You can choose from many different types of home insurance policies, ranging from HO-1 to HO-8. HO-3 is the most common type of home insurance policy, and it usually includes these six coverages:

  • Dwelling coverage: This coverage protects your home’s physical structure and any attached structures, such as an attached garage or backyard patio.

  • Other structures coverage: A standard home insurance policy also protects other structures on your property, such as a detached garage or backyard shed.

  • Personal property coverage: Your personal belongings are protected from covered perils — up to your policy limits.

  • Additional living expenses coverage: If your home becomes uninhabitable due to covered damages, your insurance company will help you pay for various additional living expenses, such as hotel costs, laundry, parking, and food.

  • Personal liability coverage: If you or another person on your policy causes bodily harm to someone or damages their property, this coverage can protect you in the event a lawsuit is filed.

  • Medical payments coverage: This coverage helps pay for a guest’s medical expenses if they get hurt on your property, regardless of whether a lawsuit is filed.

How much does homeowners insurance cost?

The average price for an HO-3 home insurance policy is $1,272 per year, or $106 per month, according to the National Association of Insurance Commissioners (NAIC). But the exact price you’ll pay for insurance depends on many factors, including:

  • Age of your home

  • Size of your home

  • Your claims history

  • Your credit score

  • Your home’s replacement cost value

  • ZIP code

  • How much coverage you need

  • Your deductible

  • Building materials of your home

  • Your insurance provider

Check Out: Why Is My Homeowners Insurance Cost So High?

Homeowners insurance basics to know

As you’re researching home insurance policies, here are some home insurance basics that can help you choose the right amount of coverage for your unique situation.


Your home insurance deductible is the amount of money you pay before your insurer helps pay for a covered claim. For example, say your deductible is $1,000 and a huge tree falls on your roof, causing $10,000 worth of damage. In this circumstance, you’d pay $1,000 out of pocket and receive a payout of $9,000.

Insurers often offer a minimum deductible of $500 to $1,000, according to the Insurance Information Institute.[4] You can choose a higher deductible amount to save money, but the downside is that you’ll pay more out of pocket if you need to file a claim.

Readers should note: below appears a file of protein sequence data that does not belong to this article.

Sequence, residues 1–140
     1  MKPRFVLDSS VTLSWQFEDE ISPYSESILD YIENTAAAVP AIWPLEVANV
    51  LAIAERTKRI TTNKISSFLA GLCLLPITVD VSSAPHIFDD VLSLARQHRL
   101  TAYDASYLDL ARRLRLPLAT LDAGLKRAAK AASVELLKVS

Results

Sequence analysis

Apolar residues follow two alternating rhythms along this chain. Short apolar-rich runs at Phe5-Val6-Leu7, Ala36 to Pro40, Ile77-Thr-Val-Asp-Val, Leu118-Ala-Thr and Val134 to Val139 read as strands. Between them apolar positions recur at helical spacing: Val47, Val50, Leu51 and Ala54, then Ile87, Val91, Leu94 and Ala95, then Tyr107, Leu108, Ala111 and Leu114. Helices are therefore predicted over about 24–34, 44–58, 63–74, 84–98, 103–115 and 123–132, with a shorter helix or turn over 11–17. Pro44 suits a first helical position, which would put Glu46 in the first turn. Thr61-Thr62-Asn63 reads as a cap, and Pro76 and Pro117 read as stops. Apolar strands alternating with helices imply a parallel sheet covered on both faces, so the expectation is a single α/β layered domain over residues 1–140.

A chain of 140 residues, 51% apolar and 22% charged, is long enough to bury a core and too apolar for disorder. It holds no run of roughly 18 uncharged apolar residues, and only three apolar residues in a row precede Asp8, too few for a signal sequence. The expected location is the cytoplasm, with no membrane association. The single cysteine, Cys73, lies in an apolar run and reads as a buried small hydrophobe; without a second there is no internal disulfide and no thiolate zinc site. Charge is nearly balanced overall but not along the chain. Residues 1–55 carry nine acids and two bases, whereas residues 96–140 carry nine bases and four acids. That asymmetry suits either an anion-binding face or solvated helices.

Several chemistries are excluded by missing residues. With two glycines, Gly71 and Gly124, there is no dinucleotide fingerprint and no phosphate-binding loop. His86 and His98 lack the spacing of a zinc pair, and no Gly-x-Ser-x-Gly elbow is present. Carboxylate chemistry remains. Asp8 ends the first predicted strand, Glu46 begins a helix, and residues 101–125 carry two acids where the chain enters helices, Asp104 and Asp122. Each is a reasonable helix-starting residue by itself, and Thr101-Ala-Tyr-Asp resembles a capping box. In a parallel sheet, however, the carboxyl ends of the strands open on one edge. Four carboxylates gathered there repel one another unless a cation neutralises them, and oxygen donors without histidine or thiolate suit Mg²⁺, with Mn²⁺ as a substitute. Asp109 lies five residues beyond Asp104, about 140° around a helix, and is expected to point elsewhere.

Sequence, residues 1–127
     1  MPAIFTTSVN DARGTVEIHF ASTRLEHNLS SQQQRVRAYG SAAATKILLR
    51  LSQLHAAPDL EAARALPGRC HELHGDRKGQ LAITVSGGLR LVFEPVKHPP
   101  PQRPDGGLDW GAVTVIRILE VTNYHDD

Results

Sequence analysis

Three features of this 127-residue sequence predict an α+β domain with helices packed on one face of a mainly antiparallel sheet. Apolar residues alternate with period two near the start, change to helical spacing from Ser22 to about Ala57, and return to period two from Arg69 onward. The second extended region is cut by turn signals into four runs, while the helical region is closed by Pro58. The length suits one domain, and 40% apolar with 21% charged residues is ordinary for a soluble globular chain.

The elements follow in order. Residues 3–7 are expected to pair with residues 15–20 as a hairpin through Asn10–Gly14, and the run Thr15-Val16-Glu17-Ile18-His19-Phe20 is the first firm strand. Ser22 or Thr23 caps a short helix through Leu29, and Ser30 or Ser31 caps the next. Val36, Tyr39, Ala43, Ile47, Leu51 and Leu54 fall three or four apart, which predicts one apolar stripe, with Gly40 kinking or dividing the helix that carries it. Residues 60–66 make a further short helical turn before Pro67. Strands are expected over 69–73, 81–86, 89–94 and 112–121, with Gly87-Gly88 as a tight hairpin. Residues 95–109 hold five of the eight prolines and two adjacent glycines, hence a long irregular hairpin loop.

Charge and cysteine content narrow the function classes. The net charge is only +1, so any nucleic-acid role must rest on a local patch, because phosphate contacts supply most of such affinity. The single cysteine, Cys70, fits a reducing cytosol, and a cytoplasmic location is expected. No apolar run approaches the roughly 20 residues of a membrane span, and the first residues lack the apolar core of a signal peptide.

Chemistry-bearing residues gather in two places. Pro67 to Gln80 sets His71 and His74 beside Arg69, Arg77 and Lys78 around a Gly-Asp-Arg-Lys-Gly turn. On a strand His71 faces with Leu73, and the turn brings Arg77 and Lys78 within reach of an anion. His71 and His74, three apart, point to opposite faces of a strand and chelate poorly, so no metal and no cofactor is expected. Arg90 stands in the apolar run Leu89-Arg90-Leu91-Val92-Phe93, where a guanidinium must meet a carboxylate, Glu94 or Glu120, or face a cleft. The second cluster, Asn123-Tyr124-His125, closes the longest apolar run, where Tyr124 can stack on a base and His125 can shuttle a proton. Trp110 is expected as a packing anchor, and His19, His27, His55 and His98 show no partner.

When choosing your deductible, make sure to select an amount that you’d feel comfortable paying in the event your home is damaged or destroyed.

Replacement cost vs. actual cash value

Replacement cost and actual cash value are two ways your insurance company reimburses you for a covered claim.

  • Replacement cost coverage: If you have this coverage, your insurer will pay to repair or replace your home with similar construction materials and replace your personal items at today’s prices.

  • Actual cash value coverage: With this coverage, your insurance company will factor in depreciation when reimbursing you for a covered claim.

For example, imagine you purchased a gaming laptop five years ago for $3,000, but it’s now worth $1,000. If you had replacement cost coverage, you’d receive enough money to buy a laptop of similar quality once you met your deductible.

By comparison, with actual cost value coverage, you’d receive $1,000 after meeting your deductible — the gaming laptop’s current value.

Which coverage option is best for you depends on your preferences and unique financial situation. Actual cash value coverage usually costs less, but the downside is that you’ll pay more out of pocket to replace your belongings. With replacement cost coverage, the cost of your policy will be higher, but you’ll pay less out of pocket after a covered event.

Take Note:

Most insurance companies provide replacement cost coverage for your dwelling, according to the Insurance Information Institute. But check with your insurer to make sure that’s the case.

Do you need flood insurance?

Although flooding is one of the most common natural disasters in the U.S., standard home insurance doesn’t protect your home against flood damage. If you live in a high-risk flood area and have a mortgage, your lender will likely require you to purchase a separate flood insurance policy. But if you live in a lower- or medium-risk area, flood insurance is usually optional.

Even if you own your home outright or don’t live in a flood zone, purchasing a flood insurance policy can be beneficial. To protect your home against flooding, you’ll need to purchase a flood insurance policy from a private insurer or the National Flood Insurance Program (NFIP).[5]